My grandma’s house on Third Avenue is painted a dull butter-yellow, with brown window trim. My aunt moved in about ten years ago after her divorce when she was going back to school. She took care of Grandma for a number of years during the time my grandma’s health was on the decline. Slowly, the house began to change along with my grandmother. The mirror over the mantle and the mirror in the stairwell were removed—I spent my whole adolescence into young adulthood, walking down the stairs, getting a foot by foot glimpse of myself in that stairwell mirror. It no longer felt like my grandma’s house when I walked down the stairs. My grandma’s bedroom became the room at the top of the stairs, the room where I used to sleep when I visited. She had a tiny TV in there but no chair for us to sit on when we came to visit her. I remember sitting on the edge of the bed, talking to her. She had quit smoking by then. I guess she eventually forgot that she smoked, and my aunt told her she had quit. Furniture was rearranged; new objects replaced the old steady objects that had been there for years. The carpets were torn out and the wood floors refinished. After my grandma passed away when the house became my aunt’s, she painted the walls wild colors that Grandma would have said looked like either a “gull bladder attack” or an “upset stomach.” I am comforted by these thoughts as I walk through the red-walled living room, into the kitchen with the pea-green cabinets. My grandmother’s coffee mug collection distributed amongst her offspring, lost.
My mother and her siblings: Mom, Kris, Dick, and Bob


I know my mother and aunt have similar nostalgia about the house. But my mother’s irritation with having to pay the second mortgage on it and keep up the place has made her want to be rid of it. No one wants to buy this house. No one wants to take on the project of it. There are too many houses like it in the town, and enough homes on the market that don’t need extensive remodeling and new heating systems, to make this old house almost worthless. And yet, in memory, it exists for many people (aunts, uncles, cousins, siblings) as a library of personal histories, a relic of time, a museum of nostalgia.

I imagine my grandparents, a school teacher and a nurse, buying the house on a corner lot with pride. I imagine my mother hiding in the upstairs bedroom while her hippy-brother threw a party, a butter knife stuck in the crack of the door to keep it locked. I remember running up the stairs the day my first sister, Hannah, was born. I remember sitting in the living room, the sheer curtain always drawn, holding my second sister, Alida, the day she came home from the hospital. I remember my grandfather sitting at the head of the kitchen table correcting Civics papers with a two-sided blue and red ink pen, and the pencil jar that was an old tin can covered in parchment paper that sat on top of the fridge. I remember the smell of my grandma’s caramel rolls in the morning and the taste of iced tea on hot summer afternoons.
my aunt and grandfather

Cancer kills us all, Josh says. That’s just what we die of now.

I don’t want to die. Death anguishes me. Josh says I have a disorder because I’m so bothered by death. He does not think of death; he calls death a new beginning.

I inherited my fear of death. My father fears death and disease, I think in part because as a pharmacist he sees so much of it. The nature of cancer terrifies us—its unpredictable course: will it return? Will it go away? Quickly or slowly? My aunt has terminal cancer. We have not known what course it will take, but so far, while it has ravished her life, she is able to live with it. She tells my mother that she doesn’t want to be known as a cancer patient, doesn’t want to attend support groups for cancer survivors. But she is a warrior everyday battling the pain, facing death. She doesn’t know when it will take her; she just knows that it will eventually. I don’t understand what it’s like for her to live this way. How could I? She has always been my second mother. I see her at the Moving Sale at Grandma’s house. Her hair is short and gray and her face has curled into the face of history, of time, and of her ancestors. She doesn’t look old, she looks young for gray hair, it’s more that in that face I can read things—lines like the inroads of the old carpet I played on, weaving story in and out. Our faces map us, they tell the stories we ourselves refuse to speak. I see pain in her face, and betrayal. I see determination too, and hope.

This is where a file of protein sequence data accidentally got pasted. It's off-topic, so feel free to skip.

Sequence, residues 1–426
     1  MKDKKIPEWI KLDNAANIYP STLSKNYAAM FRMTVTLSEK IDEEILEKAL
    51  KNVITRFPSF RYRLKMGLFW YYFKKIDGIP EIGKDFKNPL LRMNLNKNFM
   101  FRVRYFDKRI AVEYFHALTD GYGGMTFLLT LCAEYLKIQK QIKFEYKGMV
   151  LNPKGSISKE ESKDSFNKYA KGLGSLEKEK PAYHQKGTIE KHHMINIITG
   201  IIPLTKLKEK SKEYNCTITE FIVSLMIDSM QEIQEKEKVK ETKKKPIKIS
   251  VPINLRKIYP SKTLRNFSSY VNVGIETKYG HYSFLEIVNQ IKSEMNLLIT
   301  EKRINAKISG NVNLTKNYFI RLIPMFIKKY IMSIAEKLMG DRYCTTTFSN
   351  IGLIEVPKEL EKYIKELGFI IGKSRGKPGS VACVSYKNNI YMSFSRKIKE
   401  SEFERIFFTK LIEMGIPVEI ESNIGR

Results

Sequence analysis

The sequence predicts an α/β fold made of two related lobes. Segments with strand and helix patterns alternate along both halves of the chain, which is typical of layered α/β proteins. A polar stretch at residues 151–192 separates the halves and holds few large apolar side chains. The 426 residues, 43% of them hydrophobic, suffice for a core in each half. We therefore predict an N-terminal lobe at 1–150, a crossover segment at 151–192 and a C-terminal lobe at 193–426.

I lay close to my son as he falls asleep. I wrap my body around him like a shell. He breathes into me; it is my body—his former home—that comforts him. I watch him sleep. As his mother, I find him alarmingly beautiful. The lines of his face have a pleasure to them, and when I wake some mornings and see him sleeping beside me, curled into me with one little hand outstretched to rest on my arm, it’s a gift all over again. The physical work of caring for a child overwhelms the mind: it shuts down, it forces presence of being. My mother sits with Moses while he rolls over again and again. Cries until she picks him up and places him on his back again and then immediately rolls over. It’s exhausting just to watch him do it. But I marvel at his determination, unconnected to his mind, his body needs and longs to move in this way. His body knows that the more time spent on his stomach the easier this position becomes for him.



We all lead small lives in one way or another. Beauty or grandeur can mask this fact, but when I understand both the smallness and enormity of life I am most content. Grandma’s house is nearly empty now. My aunt has moved into her new apartment. Moses is asleep for the moment and I’m free to imagine the lives of those who live along Hwy 2 as beautiful or as small or as gracious as my mind will allow. We fly home in August. Josh will drive back two weeks before us and he’ll pass those houses and maybe if he’s lucky he’ll see the old man on the riding mower tending his square patch of lawn. But he won’t think much of it.  Poverty or hardship won’t make him think of death, as he zips by those little lawns and porches with the hanging baskets of dead flowers. He’ll be on his way home, back to his childhood with all its nostalgia and presence, its perseverance and impermanence.